The face of Christmas


It is Christmas – a time when we notice the cold beggar more acutely, and are more aware of friends who are ill, lonely or cold. We offer gestures of love and friendship, even if it's just a pint at the pub, or a photocopied arse at the office party.

We are better at Christmas. We try. So take that and enlarge it. Expand it, and your imagination, to the millions elsewhere. Because you really are capable of changing this crappy mean little world that does not really tell the truth about us as human beings.

Those words, published three years ago this week in an English newspaper, were written by Bob Geldof, a man concerned about the plight of people in Africa. He was commenting on how things had changed since November of 1984, when famine devastated Ethiopia and governments of the western world were essentially shamed into responding after images of starving Ethiopians moved pop musicians and ordinary individuals and led to the Live Aid concert and one of the biggest relief efforts of all time.

There must be a university somewhere studying public responses to disasters at different times of the year. Last year’s Boxing Day tsunami, for instance, is now estimated to have killed up to 275,000 people in a dozen countries, and devastated hundreds of thousands more. The magnitude of the disaster is hard to comprehend, so great is its size.

But people and governments were moved to donate money and to help, and as the New York Times reported last month some tsunami relief groups find themselves still with money in the bank. In fact, roughly half of the estimated $1.3 billion that Americans donated to help victims of the disaster is still available.

October’s earthquake in Pakistan, however, hasn’t captured the same public or media attention. As many as 40,000 people may have died in the Pakistan earthquake, and an estimated four million were left without shelter. There are ongoing relief efforts but a crisis in October just doesn’t seem to garner as much attention or generosity as one at Christmas.

Maybe it’s because at this time of year we are reminded to take the time to think about those less fortunate. Maybe it’s because it’s the end of the calendar year and a last chance to make a tax-deductible donation. Whatever it is, for many of us – including our governments – charity seems to be a seasonal commitment rather than a long-term commitment. As Geldof wrote in December 2002: "Two decades on, Africa’s plight is nowhere near as bad as it was. It is immeasurably worse."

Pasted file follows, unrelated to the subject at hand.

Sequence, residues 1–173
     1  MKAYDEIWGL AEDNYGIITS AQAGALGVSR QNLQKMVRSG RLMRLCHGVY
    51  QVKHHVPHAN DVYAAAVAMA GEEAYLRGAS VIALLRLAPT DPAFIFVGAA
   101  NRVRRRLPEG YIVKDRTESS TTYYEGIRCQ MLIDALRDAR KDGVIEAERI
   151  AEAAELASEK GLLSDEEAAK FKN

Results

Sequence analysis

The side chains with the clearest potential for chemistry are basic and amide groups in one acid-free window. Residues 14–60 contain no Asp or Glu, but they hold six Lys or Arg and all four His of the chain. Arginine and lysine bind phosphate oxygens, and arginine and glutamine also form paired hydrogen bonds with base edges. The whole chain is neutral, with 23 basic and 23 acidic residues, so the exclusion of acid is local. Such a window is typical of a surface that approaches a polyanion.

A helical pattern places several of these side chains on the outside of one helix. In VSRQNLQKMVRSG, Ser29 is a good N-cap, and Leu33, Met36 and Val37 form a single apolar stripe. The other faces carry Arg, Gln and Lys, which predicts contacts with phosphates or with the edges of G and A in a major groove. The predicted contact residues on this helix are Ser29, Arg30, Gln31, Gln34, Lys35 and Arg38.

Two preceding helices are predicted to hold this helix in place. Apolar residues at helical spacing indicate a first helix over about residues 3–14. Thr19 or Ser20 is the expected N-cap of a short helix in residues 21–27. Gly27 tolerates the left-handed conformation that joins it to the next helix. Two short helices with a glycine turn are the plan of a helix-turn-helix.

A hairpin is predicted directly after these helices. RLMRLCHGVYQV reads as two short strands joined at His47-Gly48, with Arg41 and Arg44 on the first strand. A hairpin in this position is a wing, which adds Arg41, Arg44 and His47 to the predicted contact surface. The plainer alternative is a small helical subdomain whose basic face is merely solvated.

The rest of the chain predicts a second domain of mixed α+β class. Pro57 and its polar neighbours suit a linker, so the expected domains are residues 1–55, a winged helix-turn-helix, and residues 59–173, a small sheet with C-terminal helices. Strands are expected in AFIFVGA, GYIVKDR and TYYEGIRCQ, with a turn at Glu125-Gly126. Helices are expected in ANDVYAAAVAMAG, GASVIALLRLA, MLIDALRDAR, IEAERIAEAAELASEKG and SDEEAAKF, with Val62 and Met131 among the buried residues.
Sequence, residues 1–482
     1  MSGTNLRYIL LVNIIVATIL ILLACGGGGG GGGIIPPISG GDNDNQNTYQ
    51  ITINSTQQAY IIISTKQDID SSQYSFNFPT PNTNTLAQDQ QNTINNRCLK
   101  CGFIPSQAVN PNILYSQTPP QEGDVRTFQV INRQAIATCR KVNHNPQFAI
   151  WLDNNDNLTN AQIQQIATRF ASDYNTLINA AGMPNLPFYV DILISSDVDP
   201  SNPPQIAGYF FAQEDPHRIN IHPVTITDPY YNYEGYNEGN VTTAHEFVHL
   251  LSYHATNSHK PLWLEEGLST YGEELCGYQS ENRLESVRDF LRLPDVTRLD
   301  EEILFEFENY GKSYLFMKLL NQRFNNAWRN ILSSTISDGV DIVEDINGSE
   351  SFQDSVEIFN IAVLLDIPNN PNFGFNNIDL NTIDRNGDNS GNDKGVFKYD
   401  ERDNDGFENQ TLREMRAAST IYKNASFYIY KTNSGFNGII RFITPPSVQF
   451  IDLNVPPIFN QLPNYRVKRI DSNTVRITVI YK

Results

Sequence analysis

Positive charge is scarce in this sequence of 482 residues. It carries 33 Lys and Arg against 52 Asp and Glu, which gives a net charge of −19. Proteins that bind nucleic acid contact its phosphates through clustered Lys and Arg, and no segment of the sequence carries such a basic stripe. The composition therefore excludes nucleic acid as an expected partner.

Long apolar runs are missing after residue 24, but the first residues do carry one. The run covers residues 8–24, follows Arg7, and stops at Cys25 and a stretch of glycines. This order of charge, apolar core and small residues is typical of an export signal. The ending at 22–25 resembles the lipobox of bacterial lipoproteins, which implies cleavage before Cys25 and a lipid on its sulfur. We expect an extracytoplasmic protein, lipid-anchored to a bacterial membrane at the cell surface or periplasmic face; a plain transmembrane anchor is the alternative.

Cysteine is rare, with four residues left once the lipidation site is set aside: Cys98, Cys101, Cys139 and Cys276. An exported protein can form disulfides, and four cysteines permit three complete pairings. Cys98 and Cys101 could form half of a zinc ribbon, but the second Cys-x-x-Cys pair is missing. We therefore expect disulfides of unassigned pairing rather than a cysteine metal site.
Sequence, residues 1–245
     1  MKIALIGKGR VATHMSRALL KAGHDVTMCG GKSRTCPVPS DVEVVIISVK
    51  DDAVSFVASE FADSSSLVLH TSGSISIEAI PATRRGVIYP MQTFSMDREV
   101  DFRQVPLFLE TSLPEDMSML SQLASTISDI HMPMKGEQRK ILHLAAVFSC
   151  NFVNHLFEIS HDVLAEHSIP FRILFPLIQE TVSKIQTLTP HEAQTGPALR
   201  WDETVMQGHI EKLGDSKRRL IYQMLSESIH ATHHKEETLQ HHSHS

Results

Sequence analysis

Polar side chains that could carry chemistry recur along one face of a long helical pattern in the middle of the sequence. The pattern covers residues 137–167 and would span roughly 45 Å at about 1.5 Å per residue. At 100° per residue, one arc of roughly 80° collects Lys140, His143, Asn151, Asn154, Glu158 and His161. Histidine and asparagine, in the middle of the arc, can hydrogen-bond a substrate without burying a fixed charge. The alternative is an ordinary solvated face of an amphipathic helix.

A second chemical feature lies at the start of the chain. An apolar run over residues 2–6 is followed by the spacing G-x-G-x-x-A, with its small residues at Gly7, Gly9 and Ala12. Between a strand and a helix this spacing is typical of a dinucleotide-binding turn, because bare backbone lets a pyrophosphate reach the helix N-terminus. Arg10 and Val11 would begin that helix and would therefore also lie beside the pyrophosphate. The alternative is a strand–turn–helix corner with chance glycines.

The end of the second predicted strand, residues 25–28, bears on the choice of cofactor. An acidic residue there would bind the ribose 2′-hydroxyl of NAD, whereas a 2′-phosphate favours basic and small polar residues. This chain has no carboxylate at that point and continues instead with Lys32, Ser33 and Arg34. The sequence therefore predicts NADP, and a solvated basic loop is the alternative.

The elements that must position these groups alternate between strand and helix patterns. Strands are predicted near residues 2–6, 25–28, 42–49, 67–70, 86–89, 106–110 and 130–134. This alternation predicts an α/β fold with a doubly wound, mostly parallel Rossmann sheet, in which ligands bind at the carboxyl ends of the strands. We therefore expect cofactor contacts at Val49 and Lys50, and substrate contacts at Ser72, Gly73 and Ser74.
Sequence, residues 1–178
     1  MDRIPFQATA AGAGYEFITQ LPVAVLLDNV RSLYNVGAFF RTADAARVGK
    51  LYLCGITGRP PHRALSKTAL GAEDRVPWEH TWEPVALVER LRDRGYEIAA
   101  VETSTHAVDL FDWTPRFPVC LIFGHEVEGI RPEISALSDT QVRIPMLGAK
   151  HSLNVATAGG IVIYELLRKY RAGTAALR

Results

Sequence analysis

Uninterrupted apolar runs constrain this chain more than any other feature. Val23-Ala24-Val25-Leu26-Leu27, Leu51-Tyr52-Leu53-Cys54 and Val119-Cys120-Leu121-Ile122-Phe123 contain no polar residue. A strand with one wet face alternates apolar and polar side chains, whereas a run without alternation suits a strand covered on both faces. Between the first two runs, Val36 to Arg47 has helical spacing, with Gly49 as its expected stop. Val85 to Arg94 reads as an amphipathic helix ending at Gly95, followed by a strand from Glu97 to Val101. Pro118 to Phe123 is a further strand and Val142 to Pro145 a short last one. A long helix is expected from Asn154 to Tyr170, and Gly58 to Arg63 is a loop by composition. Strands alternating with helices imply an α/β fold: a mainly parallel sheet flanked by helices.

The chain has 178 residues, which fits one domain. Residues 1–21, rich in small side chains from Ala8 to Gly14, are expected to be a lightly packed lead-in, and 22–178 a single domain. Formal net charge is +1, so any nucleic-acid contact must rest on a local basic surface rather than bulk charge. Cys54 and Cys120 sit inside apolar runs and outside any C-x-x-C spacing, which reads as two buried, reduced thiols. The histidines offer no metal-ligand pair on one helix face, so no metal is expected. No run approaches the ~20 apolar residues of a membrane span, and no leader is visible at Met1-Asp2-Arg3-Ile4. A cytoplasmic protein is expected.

Sir Bob, as he has become since his efforts to help the starving in Ethiopia (and many years removed from living in Vancouver and occasionally playing The Boot Pub), used his status as a pop musician to help focus attention on Africa. It worked for a while, but there’s very little taking place on the other side of the world seems to hold our attention for too long. For most of us, the connection with a country or continent we may never see with our own eyes is fleeting. For our governments, the connection may be even briefer.

But down the road, in Squamish, they may have hit on a formula that works. Squamish doesn’t have the profile of Geldof or Bono but the efforts of a number of people in that town have made a difference in the lives of people in Sri Lanka devastated by the tsunami.

The Squamish Humanity Village Project matched a Canadian town with the Sri Lankan town of Wanduruppuwa and may have built a relationship that will last. The idea behind the effort is a one-to-one relationship. Rather than trying to solve an entire region’s problems, Squamish adopted a single town.

In September, nine months after the tsunami, about 300 people gathered in Squamish for a dinner/auction. Proceeds from the evening – approximately $100,000 – went to the Wanduruppuwa rebuilding effort. Most of that money came from Mac Marketing Solutions, a Vancouver-based international real estate firm that donated $100 for every unit it sold during the year. But it’s not the real estate that’s key; the Squamish Humanity Village Project works because it put a human face on a global disaster.

And so far that face – the people of Wanduruppuwa – are being remembered all year round. Not just at Christmas.


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